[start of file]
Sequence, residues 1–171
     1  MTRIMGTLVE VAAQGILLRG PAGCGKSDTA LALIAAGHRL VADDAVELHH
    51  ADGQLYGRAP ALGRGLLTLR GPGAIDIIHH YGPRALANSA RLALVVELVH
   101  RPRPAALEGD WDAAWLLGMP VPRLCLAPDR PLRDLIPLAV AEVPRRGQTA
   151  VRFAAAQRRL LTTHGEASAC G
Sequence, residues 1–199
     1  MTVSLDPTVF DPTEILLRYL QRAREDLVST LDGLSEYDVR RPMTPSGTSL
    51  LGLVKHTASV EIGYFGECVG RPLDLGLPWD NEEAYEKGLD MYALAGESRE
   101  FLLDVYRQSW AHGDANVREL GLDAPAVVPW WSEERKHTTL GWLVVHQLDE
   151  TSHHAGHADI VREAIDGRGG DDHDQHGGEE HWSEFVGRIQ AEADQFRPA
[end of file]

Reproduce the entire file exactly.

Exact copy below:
Sequence, residues 1–171
     1  MTRIMGTLVE VAAQGILLRG PAGCGKSDTA LALIAAGHRL VADDAVELHH
    51  ADGQLYGRAP ALGRGLLTLR GPGAIDIIHH YGPRALANSA RLALVVELVH
   101  RPRPAALEGD WDAAWLLGMP VPRLCLAPDR PLRDLIPLAV AEVPRRGQTA
   151  VRFAAAQRRL LTTHGEASAC G
Sequence, residues 1–199
     1  MTVSLDPTVF DPTEILLRYL QRAREDLVST LDGLSEYDVR RPMTPSGTSL
    51  LGLVKHTASV EIGYFGECVG RPLDLGLPWD NEEAYEKGLD MYALAGESRE
   101  FLLDVYRQSW AHGDANVREL GLDAPAVVPW WSEERKHTTL GWLVVHQLDE
   151  TSHHAGHADI VREAIDGRGG DDHDQHGGEE HWSEFVGRIQ AEADQFRPA